Basic Steamed Swiss Chard

Sometimes, it's nice to go back to basics. With this easy Swiss chard recipe, we do just that. Nothing fancy, nothing extreme. Just you and your chard.

A wooden cutting board sits of a white background. On the cutting board is two bunches of Swiss chard. End photo ID.

Take your bunch (or two bunches; chard wilts down just like spinach does) and wash it thoroughly. Don't worry about drying the leaves off, we'll want that excess water in a few minutes.

Take a sharp knife and cut your chard into three pieces. Keep the stems because they'll get sweet and tender once they're cooked.

A wooden cutting board sits on a white surface. On the cutting board sits the Swiss chard from the previous photo, chopped into three pieces: stems, stems with some leaf, and leaf tops. In the top left of the photo, a vegetable knife sits on the cutting board.End photo ID.

Once your chard is cut, put it into a pot with a lid over a medium-low heat. If you're really worried about it, add a few tablespoons more water to the pot before putting it over the fire. Don't overdo it, though - we want the chard to steam itself, and it will release water as it cooks. Keep the cover over it to help keep that water from evaporating off.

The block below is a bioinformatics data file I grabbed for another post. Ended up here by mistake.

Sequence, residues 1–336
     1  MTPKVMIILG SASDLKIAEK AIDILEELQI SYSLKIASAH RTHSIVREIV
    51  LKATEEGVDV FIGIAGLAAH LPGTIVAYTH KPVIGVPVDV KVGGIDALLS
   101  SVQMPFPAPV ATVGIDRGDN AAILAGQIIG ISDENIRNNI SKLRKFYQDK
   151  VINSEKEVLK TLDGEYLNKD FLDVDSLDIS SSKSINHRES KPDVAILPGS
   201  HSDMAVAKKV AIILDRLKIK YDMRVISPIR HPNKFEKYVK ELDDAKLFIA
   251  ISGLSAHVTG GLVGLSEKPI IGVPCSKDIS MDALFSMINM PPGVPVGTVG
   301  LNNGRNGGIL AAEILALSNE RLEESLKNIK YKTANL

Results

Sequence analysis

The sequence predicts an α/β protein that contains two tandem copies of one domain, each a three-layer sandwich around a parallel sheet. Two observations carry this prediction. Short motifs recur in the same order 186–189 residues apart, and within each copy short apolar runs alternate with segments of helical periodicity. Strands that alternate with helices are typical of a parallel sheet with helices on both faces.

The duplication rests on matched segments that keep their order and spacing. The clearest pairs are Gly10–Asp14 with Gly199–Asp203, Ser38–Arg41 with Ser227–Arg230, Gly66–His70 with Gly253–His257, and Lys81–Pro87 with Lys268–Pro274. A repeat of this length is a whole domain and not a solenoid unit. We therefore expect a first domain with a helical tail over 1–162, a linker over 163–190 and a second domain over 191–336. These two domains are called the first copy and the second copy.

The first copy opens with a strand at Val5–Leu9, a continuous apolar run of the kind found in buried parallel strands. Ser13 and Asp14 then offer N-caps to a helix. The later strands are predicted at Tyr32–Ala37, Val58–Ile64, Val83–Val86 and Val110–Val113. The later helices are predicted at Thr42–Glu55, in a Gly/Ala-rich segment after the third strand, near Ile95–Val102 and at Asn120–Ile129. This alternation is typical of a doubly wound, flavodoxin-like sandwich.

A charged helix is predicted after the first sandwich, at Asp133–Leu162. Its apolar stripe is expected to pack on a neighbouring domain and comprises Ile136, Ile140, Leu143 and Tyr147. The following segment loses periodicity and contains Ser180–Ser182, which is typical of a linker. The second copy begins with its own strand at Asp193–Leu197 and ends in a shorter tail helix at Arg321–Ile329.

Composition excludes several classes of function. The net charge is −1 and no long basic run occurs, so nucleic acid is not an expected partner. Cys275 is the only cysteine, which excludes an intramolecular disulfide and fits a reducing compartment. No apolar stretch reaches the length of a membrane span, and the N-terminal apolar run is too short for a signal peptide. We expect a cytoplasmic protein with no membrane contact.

A yellow plate sits on a wooden cuttong board on it. On the plate is a small pile of cooked Swiss chard. End photo ID.

Check your chard in about five minutes, and give it a stir with a fork. Chard is done once the leaves are tender and wilted and the stems have become translucent and lost some of their color. Drain off any excess water, season with some salt and butter, and you're all set.

Sometimes, basic is best. It sure is with Swiss chard.

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